Note that you may need to adapt the above fairly substantially, depending on your local version of the requests lib. Martijn Pieters' code matches version 2.2 or thereabouts. By 2.4 there are different attributes on the HTTPConnection object and a slightly different flow to the code. Since you're mucking with internal details of a lib here, the fix is likely to be version-specific. – Sarah Messer Oct 16 '14 at 20:31
  • Will this work in time to pass an SSL check? Ie. I have a server set up at that has the example.com cert... if I change "example.com" to "" using this method, will I get an SSL error from requests? – laughingbovine Sep 11 '15 at 20:18
  • @laughingbovine: I don't know. – Martijn Pieters Sep 11 '15 at 20:19
  • 1
    @SarahMesser: recent requests versions no longer vendor in urllib3, and urllib3 provides a much nicer patching point since version 1.9. The patch is updated to work with that point and is written defensively to hopefully continue working across many versions. – Martijn Pieters Jun 12 '17 at 15:20

You should look into the TransportAdapters, including the source code. The documentation on them isn't great, but they give low-level access to a lot of the functionality described in RFC 2818 and RFC 6125. In particular, those documents encourage (require?) client-side code to support application-specific DNS for the purpose of checking certificates' CommonName and SubjectAltName. The keyword argument you need in those calls is "assert_hostname". Here's how to set it with the requests library:

from requests import Session, HTTPError

class DNSResolverHTTPSAdapter(HTTPAdapter):
    def __init__(self, common_name, host, pool_connections=DEFAULT_POOLSIZE, pool_maxsize=DEFAULT_POOLSIZE,
        max_retries=DEFAULT_RETRIES, pool_block=DEFAULT_POOLBLOCK):
        self.__common_name = common_name
        self.__host = host
        super(DNSResolverHTTPSAdapter, self).__init__(pool_connections=pool_connections, pool_maxsize=pool_maxsize,
            max_retries=max_retries, pool_block=pool_block)

    def get_connection(self, url, proxies=None):
        redirected_url = url.replace(self.__common_name, self.__host)
        return super(DNSResolverHTTPSAdapter, self).get_connection(redirected_url, proxies=proxies)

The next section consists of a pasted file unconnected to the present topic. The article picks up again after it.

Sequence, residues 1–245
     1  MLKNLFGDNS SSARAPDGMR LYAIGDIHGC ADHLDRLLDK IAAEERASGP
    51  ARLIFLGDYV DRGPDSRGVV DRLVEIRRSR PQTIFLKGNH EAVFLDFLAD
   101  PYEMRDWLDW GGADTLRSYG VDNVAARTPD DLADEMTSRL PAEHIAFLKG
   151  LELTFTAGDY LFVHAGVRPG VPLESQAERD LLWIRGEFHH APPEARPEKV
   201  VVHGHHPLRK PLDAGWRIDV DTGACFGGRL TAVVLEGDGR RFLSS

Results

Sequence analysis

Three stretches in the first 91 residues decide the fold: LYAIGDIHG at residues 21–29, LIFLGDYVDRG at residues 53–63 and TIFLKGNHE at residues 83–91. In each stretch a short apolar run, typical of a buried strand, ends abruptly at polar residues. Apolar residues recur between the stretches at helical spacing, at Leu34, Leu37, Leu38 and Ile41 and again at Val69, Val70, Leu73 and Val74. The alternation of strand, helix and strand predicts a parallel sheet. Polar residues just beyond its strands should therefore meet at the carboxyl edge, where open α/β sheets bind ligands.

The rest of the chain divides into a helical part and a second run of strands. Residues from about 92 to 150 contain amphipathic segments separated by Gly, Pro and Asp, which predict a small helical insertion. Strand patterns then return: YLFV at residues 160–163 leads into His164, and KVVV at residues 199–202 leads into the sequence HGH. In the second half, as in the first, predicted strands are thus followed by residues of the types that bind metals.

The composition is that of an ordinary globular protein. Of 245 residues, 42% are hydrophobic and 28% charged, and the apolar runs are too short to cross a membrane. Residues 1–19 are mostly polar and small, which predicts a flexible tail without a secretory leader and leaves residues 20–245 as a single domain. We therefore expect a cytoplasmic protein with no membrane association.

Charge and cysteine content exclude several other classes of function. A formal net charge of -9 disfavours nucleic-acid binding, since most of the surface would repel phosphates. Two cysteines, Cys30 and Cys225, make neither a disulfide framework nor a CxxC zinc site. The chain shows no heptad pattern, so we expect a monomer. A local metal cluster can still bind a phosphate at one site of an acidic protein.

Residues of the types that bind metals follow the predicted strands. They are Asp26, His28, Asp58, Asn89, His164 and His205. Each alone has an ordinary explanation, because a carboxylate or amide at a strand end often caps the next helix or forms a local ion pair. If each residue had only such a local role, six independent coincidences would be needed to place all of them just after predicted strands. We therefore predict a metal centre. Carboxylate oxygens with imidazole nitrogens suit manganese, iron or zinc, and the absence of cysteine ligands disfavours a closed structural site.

def init_poolmanager(self, connections, maxsize, block=DEFAULT_POOLBLOCK, **pool_kwargs):
        pool_kwargs['assert_hostname'] = self.__common_name
        super(DNSResolverHTTPSAdapter, self).init_poolmanager(connections, maxsize, block=block, **pool_kwargs)

common_name = 'SuperSecretSarahServer'
host = ''
port = 666
base_url = 'https://{}:{}/api/'.format(common_name, port)
my_session = Session()
my_session.mount(self.base_url.lower(), DNSResolverHTTPSAdapter(common_name, host))
user_name = 'sarah'
url = '{}users/{}'.format(self.base_url, user_name)
default_response_kwargs = {
    'auth': (NAME, PASSWORD),
    'headers': {'Content-Type': 'application/json'},
    'verify': SSL_OPTIONS['ca_certs'],
    'cert': (SSL_OPTIONS['certfile'], SSL_OPTIONS['keyfile'])
response = my_session.get(url, **default_response_kwargs)

I use common_name for the name expected to be on the certificate and how your code will reference the desired machine. I use host for a name recognized by the external world - FQDN, IP, DNS entry, ... Of course, the SSL_OPTIONS dictionary (in my example) must list appropriate certificate / key filenames on your machine. (Plus, NAME and PASSWORD should resolve to correct strings.)

  • 1
    I really think this should be the correct answer considering it's the proper way to do this using requests and urllib3. – Michael Fox Jul 19 '17 at 15:32